We have seen a rise in the use of Arabic calligraphy in modern fashion designs including items such as dresses, scarves, jewelry, bags and the like. We have also seen artists mix Arabic calligraphy with other art such as the graffiti of Tunisia's eL Seed ’s amazing art spread around the world, showing the beauty of the Arabic text. Palestine's Belal Khaled has also followed in eL Seed’s footsteps but predominantly uses a permanent market to decorate cars, bags and even human bodies.
Modernizing the ways Arabic calligraphy is used seems to be an effective way of encouraging a generation of Arabs that have been heavily influenced by Western cultures to embrace their language again as a form of expressing themselves. Some are ashamed and formerly looked down upon using Arabic without inserting any foreign words. This, to them, indicated that they are well-educated and come from a well-off family. Therefore, using Arabic in modern art and fashion has a greater impact on identity and pride than what children in our region learn in their textbooks.
Ayah Aldeek, a Palestinian designer, has also chosen Arabic calligraphy to be a dominant aspect of her work. She designs portraits of people using only the Arabic letters of their names to form their facial features. Even the smallest details in the portraits are made with tiny Arabic letters that form the person’s name.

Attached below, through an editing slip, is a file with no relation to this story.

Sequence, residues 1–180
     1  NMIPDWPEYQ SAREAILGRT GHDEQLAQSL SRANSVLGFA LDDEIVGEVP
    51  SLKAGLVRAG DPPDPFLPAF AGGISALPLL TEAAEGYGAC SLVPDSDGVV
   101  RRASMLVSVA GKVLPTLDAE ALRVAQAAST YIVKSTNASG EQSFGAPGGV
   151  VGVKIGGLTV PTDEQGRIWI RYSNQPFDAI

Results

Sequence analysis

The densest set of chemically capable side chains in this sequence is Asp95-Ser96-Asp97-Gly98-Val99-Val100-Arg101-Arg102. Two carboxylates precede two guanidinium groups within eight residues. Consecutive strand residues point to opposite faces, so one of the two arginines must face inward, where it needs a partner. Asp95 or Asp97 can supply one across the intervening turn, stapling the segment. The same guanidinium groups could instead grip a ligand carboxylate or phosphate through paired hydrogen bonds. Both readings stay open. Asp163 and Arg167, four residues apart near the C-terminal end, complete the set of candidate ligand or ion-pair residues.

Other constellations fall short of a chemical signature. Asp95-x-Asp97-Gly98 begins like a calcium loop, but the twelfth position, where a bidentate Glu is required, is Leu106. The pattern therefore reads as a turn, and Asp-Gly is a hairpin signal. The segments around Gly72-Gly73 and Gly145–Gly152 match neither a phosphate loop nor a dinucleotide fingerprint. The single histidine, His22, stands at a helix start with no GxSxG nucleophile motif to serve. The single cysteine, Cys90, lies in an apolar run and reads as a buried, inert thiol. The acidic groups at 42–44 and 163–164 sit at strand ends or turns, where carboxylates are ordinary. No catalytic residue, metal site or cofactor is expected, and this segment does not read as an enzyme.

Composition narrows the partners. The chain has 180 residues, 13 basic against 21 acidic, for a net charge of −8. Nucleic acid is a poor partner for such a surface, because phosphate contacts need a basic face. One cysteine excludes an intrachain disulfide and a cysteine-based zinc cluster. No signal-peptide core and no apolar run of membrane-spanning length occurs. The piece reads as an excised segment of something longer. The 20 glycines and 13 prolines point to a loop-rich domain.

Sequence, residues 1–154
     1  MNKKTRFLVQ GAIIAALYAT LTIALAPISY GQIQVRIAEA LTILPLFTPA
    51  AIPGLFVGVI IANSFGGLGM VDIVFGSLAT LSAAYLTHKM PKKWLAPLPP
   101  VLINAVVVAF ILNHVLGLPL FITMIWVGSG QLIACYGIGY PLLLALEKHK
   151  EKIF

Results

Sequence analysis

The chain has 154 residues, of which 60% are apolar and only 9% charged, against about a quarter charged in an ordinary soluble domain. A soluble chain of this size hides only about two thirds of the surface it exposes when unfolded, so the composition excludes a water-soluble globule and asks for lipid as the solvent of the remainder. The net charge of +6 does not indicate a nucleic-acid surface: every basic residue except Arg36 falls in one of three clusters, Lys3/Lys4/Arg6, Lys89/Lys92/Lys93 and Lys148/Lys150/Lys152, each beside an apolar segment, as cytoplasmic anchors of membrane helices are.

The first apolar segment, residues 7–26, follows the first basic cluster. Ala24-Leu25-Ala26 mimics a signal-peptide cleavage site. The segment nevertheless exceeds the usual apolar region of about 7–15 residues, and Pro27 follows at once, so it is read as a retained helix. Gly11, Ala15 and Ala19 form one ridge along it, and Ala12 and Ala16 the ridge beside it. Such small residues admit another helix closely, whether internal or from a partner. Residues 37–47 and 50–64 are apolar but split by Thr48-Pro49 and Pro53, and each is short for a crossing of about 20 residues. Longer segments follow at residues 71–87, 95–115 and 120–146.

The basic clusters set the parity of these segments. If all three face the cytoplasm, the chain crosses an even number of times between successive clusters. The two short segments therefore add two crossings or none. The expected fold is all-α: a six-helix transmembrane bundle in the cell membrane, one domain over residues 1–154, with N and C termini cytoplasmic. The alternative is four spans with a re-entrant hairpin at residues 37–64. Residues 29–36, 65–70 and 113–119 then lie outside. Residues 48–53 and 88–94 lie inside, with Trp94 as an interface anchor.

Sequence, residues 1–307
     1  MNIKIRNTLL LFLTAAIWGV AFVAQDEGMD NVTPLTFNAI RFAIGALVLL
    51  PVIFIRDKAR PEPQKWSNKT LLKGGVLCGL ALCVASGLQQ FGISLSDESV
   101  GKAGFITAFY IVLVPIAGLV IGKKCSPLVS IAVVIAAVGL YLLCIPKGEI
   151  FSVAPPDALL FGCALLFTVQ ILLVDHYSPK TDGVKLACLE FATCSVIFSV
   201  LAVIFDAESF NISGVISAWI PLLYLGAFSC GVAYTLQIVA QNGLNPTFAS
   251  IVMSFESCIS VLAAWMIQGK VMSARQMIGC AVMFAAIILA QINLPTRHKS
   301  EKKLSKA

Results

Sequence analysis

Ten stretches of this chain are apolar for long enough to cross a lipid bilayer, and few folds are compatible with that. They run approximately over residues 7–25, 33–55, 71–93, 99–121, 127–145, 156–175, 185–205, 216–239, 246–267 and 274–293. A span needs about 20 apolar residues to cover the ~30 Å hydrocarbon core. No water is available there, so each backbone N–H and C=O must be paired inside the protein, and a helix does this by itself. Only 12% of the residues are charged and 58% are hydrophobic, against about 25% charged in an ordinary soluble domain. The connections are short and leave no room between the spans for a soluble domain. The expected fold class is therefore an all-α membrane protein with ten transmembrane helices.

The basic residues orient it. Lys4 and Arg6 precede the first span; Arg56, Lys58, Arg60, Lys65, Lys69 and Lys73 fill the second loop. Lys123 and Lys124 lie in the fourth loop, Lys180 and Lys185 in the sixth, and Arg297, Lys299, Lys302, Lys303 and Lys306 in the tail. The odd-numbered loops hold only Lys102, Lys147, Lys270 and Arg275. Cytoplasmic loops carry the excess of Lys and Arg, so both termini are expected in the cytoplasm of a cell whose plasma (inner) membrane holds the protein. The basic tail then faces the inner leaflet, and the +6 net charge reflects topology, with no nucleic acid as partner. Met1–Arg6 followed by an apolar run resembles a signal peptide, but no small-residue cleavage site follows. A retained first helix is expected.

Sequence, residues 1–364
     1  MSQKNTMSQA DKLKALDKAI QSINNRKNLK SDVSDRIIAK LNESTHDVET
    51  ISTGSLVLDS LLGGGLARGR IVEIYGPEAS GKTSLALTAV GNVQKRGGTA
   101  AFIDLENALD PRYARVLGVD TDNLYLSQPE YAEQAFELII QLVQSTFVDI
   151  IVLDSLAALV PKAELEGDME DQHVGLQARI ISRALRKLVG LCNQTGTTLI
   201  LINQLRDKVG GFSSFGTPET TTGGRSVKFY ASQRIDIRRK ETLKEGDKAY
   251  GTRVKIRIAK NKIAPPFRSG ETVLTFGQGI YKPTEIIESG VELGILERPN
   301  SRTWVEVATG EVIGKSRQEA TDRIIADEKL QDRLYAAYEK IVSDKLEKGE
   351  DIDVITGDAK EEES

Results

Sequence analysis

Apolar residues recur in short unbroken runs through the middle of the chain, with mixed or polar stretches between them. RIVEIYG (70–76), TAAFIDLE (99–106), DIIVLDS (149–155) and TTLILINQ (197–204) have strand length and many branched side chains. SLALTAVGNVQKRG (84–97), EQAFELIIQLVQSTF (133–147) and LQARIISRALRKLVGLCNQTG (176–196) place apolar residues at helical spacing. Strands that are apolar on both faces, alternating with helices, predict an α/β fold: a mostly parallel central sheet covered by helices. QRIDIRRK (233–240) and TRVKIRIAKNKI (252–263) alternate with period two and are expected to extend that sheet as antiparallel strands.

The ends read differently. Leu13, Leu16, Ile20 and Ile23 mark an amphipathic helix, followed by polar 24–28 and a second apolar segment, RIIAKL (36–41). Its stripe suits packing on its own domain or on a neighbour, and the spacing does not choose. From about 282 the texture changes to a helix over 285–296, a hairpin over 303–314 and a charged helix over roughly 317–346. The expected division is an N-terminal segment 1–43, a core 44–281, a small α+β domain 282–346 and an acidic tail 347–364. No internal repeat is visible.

Ayah began her calligraphy project as she was brainstorming ideas for a birthday gift that she could present to her sister. She wanted to create something personalized and meaningful and began experimenting with her first portrait using Arabic calligraphy. The outcome was truly satisfying, and as she shared it on Facebook, her friends and family were amazed and began asking her to do their portraits as well.
Ayah has created over a hundred portraits so far and hopes that her project will help people embrace their language and appreciate its beauty both as an art and a means of expression. Here are a few samples of Ayah’s Arabic calligraphy portraits:
This is the first outcome of her work for her sister Fatima’s birthday
Here is a portrait titled "Asma"
A portrait of a couple named Wafa and Tariq
Details such as eyeglasses are also done with calligraphy!
This is a StepFeed Community post, written by a guest contributor. Lama Obeid originally posted this article on her blog . If you’re interested in contributing to the StepFeed Community, please contact firstname.lastname@example.org.